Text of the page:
Against the odds: the changing impact of schooling on female autonomy and fertility in an Indian village.

Vlassoff C
In: Girls' schooling, women's autonomy and fertility change in South Asia, edited by Roger Jeffery and Alaka M. Basu. New Delhi, India, Sage Publications, 1996. 218-34.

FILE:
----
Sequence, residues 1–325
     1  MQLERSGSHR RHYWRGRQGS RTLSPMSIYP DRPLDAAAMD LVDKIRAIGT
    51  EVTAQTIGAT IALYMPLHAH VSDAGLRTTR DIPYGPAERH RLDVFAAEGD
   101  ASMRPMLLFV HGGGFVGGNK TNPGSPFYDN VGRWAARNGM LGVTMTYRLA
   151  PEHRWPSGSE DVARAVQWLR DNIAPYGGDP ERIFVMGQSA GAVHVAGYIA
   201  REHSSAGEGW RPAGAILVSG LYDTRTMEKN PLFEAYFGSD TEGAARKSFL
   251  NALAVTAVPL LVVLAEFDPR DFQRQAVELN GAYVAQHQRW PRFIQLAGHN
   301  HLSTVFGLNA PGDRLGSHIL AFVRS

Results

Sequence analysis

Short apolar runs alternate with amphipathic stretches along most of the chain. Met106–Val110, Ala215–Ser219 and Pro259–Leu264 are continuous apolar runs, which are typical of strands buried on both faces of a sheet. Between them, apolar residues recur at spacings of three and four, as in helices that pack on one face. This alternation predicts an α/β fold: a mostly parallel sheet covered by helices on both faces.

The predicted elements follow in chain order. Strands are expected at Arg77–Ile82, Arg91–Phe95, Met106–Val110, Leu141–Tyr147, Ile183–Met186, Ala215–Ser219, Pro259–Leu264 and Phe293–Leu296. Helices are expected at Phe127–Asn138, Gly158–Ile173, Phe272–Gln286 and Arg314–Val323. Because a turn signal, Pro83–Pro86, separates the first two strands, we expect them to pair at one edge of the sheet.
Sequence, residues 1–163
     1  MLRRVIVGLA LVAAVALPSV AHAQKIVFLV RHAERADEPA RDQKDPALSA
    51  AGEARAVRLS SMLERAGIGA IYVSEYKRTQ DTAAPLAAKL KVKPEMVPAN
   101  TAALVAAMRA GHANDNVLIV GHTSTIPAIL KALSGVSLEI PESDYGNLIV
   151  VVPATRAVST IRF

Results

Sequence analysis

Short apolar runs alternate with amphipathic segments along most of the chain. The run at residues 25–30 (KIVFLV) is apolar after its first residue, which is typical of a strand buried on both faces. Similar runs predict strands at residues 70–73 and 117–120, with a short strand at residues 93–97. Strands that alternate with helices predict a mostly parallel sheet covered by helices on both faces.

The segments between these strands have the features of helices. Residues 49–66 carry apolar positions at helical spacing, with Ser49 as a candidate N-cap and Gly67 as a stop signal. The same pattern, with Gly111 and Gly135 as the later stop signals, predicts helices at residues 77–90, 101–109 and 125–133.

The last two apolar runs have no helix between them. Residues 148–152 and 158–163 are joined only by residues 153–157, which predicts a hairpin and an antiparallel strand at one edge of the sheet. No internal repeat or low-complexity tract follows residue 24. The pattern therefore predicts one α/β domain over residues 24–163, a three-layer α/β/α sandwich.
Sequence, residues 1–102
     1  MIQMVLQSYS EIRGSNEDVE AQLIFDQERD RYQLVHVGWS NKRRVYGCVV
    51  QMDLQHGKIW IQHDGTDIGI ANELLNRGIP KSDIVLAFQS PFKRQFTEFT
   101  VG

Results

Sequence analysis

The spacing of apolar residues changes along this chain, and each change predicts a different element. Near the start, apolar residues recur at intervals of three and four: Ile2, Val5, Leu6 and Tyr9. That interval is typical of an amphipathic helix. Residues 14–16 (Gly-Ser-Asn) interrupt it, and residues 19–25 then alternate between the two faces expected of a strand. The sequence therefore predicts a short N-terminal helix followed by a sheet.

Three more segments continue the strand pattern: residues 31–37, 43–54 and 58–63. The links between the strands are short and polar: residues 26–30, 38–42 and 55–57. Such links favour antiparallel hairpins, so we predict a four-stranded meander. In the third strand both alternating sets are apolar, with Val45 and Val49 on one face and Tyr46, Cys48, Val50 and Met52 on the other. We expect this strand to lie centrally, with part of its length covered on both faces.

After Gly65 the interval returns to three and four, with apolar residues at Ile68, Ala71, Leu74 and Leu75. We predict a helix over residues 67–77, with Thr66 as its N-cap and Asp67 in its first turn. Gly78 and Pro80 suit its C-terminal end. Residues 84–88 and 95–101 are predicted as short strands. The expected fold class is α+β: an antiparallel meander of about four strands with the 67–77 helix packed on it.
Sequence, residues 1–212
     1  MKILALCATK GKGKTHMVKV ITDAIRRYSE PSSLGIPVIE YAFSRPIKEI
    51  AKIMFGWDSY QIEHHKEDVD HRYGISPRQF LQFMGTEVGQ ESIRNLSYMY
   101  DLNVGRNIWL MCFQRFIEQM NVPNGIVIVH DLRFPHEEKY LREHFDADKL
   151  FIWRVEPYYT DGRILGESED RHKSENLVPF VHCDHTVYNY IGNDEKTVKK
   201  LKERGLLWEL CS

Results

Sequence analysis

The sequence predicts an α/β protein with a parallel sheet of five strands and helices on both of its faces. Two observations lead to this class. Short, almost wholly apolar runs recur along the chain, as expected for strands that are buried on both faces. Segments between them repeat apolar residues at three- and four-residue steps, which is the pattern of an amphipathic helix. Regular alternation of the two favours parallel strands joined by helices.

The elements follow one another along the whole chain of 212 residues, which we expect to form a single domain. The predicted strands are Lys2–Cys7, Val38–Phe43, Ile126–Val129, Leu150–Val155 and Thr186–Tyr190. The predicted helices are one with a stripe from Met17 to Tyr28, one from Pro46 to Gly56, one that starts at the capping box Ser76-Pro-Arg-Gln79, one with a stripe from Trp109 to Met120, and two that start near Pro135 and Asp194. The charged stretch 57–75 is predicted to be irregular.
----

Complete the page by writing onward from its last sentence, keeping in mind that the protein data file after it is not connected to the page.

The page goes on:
This study of the changing impact of female schooling on female autonomy and fertility was based on focus groups and surveys conducted at two time periods in Indian villages. The first time period was a 9-month period during 1975-76. The second time period was in 1987. Data pertained to a sample of unmarried girls aged 13-18 and a sample of married women aged 15-26 years. The analysis of married women focused on the relationship between traditional attitudes, fertility, and contraception. The analysis of adolescents favored the role of schooling and changes in knowledge over the 12 intervening years. Autonomy is measured as girls' participation in choice of a marriage partner, approval of dowry, the role of women in the purchase of a sari, and exposure to the outside world. Findings indicate that levels of schooling increased over time. Adolescent girls had higher average schooling in both time periods. The numbers attending and staying increased over time. Married girls showed an increase in schooling which was not as great as for adolescent girls. Adolescent girls scored higher on all measures of autonomy in 1987. One striking difference in an autonomy measure was the greater propensity in 1987 of adolescent girls to disapprove of dowry than young married females. Adolescents perceived that their mothers were more involved in domestic decisions in 1987. There were few differences in the frequency of travel to the district capital in both time periods, regardless of the improved bus service. Fertility goals were low and similar in both time periods and among both groups of women. The relationships between schooling and autonomy were weak in both time periods for adolescents. By 1987 there was no relationship between schooling and desired fertility among adolescents. Findings do not support a causal relationship between female schooling, greater female autonomy, and lower fertility. Schooling was equated with prestige and not autonomy.

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